In 7 min you get key answers to some of these questions. Why is blame so easy? How to reduce blame in the midst of organisation politics? How do you diffuse the blame you receive?
Blame is easy.
Engaging in a real dialogue and leaning into ambiguity of what you will hear is hard.
It is easier to stay with blame. Blame allows one to look good. Looking good unfortunately can equate to self-promotion, leading to carrier advancement, recognition and potentially monetary benefits.
From various interviews I found that:
In a politically charged environment, BLAME is always present.
I have blamed people. When I blame, I have a feeling of being in control. I behave from a place of I know what is wrong. I talk as if I know how things should actually be done.
Blame helps us to keep control.
Although I have reduced the percentage of time I blame, I cannot say I am Non-Blamer. The question for me is:
Can we reduce percentage of time we end up blaming and allow blame to become a toxic culture?
2 ways to reduce blame
1. Have a real conversation.
- If you are receiving blame, normalise the situation to stop the blaming process by: Accepting your part of the problem: Start by looking at the 2% truth in what’s being said. OR. Look for the intension behind the blame.
- Ask to have a dialogue where you can curiously explore how things were setup for failure.
Bréne Brown says:
Blame is simply the discharge of discomfort, pain and anger.
- When something goes wrong, we’re too busy making connections as quickly as we can about whose fault it is, instead of slowing down, listening, and leaving enough space for empathy to arise.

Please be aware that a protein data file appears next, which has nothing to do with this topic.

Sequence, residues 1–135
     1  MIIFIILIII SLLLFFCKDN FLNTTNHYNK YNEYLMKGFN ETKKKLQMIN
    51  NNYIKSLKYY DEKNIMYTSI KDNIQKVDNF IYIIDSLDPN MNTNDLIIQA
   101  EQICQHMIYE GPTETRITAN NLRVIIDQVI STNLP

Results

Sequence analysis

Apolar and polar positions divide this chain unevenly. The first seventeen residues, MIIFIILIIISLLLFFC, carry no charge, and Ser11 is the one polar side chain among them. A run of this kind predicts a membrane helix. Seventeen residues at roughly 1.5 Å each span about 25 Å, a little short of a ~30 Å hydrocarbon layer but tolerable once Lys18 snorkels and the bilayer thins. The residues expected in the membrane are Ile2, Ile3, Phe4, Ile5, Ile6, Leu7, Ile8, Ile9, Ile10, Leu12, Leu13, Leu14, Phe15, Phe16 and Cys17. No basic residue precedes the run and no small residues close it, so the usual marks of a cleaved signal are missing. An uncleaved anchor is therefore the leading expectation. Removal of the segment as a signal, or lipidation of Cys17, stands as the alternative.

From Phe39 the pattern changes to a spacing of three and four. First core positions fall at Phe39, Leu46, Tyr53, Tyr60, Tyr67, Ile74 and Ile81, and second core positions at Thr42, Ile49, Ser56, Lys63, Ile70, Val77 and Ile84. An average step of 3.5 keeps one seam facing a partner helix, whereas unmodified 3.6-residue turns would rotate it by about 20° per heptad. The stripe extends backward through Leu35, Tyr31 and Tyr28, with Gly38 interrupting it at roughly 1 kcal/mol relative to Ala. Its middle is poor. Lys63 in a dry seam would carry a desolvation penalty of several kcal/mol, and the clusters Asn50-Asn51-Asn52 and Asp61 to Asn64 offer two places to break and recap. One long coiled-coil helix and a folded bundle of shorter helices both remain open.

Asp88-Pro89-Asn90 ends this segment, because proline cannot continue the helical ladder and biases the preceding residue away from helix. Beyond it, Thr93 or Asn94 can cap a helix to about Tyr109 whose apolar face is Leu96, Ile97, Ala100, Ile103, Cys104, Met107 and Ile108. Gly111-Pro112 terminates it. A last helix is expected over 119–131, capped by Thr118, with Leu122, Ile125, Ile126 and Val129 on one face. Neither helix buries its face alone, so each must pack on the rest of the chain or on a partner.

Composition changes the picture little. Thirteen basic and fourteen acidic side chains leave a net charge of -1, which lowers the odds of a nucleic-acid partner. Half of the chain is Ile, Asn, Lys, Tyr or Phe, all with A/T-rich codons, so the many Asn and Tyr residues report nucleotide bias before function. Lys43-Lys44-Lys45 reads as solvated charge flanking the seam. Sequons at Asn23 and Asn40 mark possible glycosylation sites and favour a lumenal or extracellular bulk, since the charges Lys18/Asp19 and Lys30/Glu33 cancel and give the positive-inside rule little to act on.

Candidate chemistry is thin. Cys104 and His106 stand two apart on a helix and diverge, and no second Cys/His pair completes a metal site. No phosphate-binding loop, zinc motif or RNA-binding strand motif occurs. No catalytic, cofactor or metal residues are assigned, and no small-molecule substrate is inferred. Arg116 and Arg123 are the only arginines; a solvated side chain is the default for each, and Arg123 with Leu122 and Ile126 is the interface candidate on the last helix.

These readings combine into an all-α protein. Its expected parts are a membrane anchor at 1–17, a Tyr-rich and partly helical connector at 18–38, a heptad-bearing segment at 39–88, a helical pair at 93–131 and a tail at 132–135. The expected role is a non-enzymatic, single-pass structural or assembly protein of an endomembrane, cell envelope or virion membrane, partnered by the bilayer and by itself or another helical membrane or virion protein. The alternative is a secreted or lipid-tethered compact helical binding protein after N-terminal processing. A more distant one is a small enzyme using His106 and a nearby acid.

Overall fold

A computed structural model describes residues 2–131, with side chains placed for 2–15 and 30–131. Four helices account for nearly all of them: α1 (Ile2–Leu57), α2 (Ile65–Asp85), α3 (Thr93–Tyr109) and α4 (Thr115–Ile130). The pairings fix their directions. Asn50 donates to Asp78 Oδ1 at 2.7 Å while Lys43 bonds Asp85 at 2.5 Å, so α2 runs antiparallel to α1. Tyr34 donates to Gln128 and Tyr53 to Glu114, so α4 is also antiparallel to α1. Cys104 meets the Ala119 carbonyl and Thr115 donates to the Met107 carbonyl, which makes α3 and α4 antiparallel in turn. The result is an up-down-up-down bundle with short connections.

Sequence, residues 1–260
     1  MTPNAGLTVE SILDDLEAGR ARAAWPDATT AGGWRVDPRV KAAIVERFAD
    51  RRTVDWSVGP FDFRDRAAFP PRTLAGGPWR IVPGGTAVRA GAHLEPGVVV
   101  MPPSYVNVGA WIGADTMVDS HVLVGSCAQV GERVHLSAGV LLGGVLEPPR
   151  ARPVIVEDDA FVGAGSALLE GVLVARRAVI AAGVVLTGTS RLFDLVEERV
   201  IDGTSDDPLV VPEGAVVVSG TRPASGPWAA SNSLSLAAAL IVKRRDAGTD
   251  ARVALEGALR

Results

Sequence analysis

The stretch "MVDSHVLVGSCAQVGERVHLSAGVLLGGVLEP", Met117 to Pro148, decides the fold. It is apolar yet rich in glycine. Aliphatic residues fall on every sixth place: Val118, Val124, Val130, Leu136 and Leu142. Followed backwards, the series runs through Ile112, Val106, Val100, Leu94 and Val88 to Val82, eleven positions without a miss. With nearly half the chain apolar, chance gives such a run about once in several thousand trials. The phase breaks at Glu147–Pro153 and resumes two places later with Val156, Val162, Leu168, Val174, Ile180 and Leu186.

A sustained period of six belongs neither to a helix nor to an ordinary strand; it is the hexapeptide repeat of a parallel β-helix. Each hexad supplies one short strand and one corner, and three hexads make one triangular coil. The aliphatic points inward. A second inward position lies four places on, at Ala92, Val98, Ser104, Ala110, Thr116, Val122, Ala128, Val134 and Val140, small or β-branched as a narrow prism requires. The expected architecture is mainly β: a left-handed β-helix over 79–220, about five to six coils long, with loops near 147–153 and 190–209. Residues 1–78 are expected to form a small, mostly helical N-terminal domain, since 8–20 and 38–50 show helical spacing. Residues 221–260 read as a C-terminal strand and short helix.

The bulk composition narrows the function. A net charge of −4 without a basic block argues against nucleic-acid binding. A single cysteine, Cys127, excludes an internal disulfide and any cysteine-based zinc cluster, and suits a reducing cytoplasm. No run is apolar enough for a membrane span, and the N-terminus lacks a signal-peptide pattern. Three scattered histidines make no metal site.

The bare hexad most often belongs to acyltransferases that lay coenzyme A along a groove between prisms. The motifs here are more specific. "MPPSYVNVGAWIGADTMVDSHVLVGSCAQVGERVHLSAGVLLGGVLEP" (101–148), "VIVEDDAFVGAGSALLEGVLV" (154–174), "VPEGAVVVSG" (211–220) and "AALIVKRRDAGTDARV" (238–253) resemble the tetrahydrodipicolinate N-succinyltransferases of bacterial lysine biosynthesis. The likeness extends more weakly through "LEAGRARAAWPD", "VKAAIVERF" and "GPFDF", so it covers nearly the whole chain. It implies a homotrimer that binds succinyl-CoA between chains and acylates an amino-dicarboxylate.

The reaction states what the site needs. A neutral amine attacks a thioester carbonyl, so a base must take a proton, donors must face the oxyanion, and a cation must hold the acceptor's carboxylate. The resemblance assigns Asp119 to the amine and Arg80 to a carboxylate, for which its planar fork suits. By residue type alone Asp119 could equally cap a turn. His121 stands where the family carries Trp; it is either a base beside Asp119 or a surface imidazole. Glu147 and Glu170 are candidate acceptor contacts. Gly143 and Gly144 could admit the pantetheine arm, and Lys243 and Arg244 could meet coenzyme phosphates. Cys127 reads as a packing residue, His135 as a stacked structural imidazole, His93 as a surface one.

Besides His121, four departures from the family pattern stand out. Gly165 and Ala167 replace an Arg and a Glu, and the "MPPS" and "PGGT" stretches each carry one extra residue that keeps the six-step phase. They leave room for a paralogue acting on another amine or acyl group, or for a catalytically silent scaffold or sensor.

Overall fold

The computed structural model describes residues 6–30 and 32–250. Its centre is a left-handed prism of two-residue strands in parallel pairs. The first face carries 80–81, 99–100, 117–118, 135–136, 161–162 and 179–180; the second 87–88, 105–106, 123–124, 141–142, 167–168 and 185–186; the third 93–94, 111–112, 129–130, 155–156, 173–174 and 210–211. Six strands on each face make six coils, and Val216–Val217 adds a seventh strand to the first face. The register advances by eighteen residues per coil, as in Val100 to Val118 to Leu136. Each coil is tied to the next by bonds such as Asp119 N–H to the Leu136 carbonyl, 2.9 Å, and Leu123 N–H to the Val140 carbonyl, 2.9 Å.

- Bravery is about engaging in a conversation that can take surprising directions and the outcomes of which can impact the way you do things.
We are all collectively co-responsible for any failure in a system. When we adopt this mindset, teams and organizations can quickly jump into a real conversation.
2. Bring more clarity
Talk about what success looks like.
Paint a clear picture. We so baldly want to go fast and want people to do things just like how we imagine. Bringing clarity means taking time to make others successful.
If you do find yourself blaming, remember it’s good you caught yourself being there.
Forgive yourself and take a deep breath the next time, blame slips in. We have all been blamers. What we want to do is reduce the percentage of time that we go around blaming and eventually create co-responsibility.
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About the author:
Deepa has been helping organisations make change happen through mindset change programs. She was intrigued by the power of politics. So she interviewed 20 people in 4 different organisations and they shared numerous stories with her. Many managers feel alone and want to talk about this subject and reduce the inefficiency it creates. Deepa is currently building a program on brave leadership to free the mind of politics.
To know more about the pilot program, please write to her at: